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Transcranial Doppler Findings in Myeloproliferative Diseases (Polycythemia Vera and Essential Thrombocytosis): A Systematic Review

Jeanie Allen Marie Beltran, Laurence Kristoffer J. Batino, Mark Timothy T. Cinco, Jose C. Navarro

Jose R. Reyes Memorial Medical Center, Philippines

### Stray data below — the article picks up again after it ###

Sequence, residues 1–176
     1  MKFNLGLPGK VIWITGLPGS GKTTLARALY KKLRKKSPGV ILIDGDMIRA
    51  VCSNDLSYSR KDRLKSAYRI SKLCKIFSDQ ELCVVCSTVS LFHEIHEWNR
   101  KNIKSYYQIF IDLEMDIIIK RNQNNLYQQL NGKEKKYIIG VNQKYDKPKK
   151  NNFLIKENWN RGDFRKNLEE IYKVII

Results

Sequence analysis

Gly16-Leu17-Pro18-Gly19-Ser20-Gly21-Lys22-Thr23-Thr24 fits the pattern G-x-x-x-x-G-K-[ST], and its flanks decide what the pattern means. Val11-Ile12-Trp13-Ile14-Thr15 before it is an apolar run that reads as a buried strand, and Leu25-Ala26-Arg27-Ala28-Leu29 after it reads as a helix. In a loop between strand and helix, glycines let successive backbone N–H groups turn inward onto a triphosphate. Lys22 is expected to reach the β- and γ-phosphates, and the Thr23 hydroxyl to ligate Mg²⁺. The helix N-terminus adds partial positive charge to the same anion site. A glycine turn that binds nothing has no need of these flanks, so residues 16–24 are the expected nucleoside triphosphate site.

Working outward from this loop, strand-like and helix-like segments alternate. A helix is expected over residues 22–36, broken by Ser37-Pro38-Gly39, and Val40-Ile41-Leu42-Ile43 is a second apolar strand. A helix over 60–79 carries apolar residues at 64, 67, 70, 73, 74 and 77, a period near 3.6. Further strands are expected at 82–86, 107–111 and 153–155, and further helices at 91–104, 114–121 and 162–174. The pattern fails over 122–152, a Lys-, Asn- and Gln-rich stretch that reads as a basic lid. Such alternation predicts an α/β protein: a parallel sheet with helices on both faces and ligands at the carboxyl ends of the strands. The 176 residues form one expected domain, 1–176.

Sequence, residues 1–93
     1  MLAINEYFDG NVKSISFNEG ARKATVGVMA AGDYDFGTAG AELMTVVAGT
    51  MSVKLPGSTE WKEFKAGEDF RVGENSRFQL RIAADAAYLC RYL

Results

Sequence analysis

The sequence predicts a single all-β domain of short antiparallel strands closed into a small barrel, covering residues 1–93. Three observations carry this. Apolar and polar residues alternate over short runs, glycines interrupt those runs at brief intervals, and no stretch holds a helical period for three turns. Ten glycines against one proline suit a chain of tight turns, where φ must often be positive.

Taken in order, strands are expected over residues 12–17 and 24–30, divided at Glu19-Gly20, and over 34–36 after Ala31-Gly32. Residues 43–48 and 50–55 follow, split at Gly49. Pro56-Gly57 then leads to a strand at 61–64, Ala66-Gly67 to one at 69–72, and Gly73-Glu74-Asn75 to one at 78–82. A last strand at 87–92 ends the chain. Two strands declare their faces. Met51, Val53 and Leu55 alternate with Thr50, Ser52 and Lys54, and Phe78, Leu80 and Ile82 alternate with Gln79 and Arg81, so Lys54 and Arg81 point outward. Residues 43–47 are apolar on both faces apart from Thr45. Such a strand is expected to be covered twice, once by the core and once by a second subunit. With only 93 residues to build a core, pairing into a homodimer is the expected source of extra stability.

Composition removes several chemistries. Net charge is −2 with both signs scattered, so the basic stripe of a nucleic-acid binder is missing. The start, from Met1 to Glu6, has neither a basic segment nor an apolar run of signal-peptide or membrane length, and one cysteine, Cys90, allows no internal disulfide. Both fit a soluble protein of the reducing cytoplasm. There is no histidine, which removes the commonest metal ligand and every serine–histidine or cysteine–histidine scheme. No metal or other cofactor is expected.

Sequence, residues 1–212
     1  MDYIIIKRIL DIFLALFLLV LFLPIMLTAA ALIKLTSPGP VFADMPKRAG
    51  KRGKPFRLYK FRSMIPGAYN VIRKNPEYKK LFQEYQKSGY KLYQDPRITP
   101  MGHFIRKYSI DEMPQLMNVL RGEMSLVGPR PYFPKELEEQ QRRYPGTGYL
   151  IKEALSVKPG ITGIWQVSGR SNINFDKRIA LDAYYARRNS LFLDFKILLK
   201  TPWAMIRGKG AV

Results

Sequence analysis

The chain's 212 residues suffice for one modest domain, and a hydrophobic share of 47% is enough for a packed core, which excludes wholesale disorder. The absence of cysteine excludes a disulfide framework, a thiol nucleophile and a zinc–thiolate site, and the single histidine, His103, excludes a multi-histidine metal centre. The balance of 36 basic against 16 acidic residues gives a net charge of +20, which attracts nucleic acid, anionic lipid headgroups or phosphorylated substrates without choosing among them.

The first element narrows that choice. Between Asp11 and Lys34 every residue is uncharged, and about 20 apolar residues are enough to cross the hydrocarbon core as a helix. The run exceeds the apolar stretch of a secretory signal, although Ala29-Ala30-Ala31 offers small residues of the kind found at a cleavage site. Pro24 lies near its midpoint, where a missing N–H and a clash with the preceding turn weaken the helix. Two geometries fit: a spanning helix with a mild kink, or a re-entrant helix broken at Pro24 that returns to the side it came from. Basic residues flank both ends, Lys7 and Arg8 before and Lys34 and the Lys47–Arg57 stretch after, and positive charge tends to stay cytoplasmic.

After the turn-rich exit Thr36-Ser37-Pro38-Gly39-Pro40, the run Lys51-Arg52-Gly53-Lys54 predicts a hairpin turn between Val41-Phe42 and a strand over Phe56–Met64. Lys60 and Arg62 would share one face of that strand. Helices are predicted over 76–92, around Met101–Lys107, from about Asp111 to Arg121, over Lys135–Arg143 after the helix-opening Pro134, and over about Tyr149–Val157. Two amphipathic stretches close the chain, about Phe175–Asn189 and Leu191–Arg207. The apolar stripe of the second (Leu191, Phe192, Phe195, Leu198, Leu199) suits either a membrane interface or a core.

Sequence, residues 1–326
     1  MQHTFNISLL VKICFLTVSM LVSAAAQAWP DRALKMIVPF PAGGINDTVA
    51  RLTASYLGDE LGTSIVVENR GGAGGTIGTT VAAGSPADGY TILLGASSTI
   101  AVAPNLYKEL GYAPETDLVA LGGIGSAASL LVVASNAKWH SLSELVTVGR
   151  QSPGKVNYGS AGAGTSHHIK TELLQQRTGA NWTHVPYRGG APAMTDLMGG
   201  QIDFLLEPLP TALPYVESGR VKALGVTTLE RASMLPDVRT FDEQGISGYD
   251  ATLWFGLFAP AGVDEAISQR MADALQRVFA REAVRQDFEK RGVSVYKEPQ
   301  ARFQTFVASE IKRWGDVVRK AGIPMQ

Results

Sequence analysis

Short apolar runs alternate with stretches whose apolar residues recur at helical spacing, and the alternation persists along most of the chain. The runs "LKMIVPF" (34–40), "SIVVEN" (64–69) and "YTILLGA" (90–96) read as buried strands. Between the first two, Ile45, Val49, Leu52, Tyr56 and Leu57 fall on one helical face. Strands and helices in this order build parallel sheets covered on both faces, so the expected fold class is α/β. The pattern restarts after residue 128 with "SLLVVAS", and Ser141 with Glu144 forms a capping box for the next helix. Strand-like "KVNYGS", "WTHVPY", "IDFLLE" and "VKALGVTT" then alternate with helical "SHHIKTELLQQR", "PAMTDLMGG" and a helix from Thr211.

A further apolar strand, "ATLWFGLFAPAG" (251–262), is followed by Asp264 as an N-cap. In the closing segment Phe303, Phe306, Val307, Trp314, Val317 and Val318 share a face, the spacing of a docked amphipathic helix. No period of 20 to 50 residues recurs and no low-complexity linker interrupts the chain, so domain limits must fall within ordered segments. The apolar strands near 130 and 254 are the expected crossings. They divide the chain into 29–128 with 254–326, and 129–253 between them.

Background and aims: Myeloproliferative neoplasms (MPN) are rare hematologic diseases that require early diagnosis to prevent thrombotic events. Only a few studies have investigated transcranial Doppler (TCD) ultrasonography among these population groups. Following the PRISMA Guidelines, we reviewed the utility of TCD in Polycythemia vera (PV) and Essential Thrombocytosis (ET) patients in the context of cerebral blood flow and detection of microembolic signals (MES). Methods: This systematic review focuses on the application of TCD in MPN. By incorporating findings from one observational study, one prospective study, and three case reports, the review establishes that while TCD is not a primary tool for diagnosing PV and ET, it plays a crucial role in monitoring cerebrovascular complications, assessing thrombotic risk, evaluating treatment responses, and facilitating research related to these conditions. Results: This review incorporates findings from a total of 63 patients. 3.2% had ischemic stroke and 1.6% had transient ischemic attack with a total of 4.8% stroke risk. High-intensity transient signals (HITS) were common in 22% of patients wherein they had elevated hemoglobin, hematocrit, and platelet values. Following treatment and normalization of blood panels, 31.7% had improved cerebral perfusion with normal flow velocities. 3.2% had elevated flow velocities linked to blood flow obstruction. There was significant clinical improvement among the study population, with 17.5% becoming asymptomatic with the disappearance of MES. Conclusions: The judicious use of TCD can enhance a comprehensive diagnostic and monitoring strategy, complementing traditional clinical and laboratory assessments in the management of MPN specifically PV and ET.



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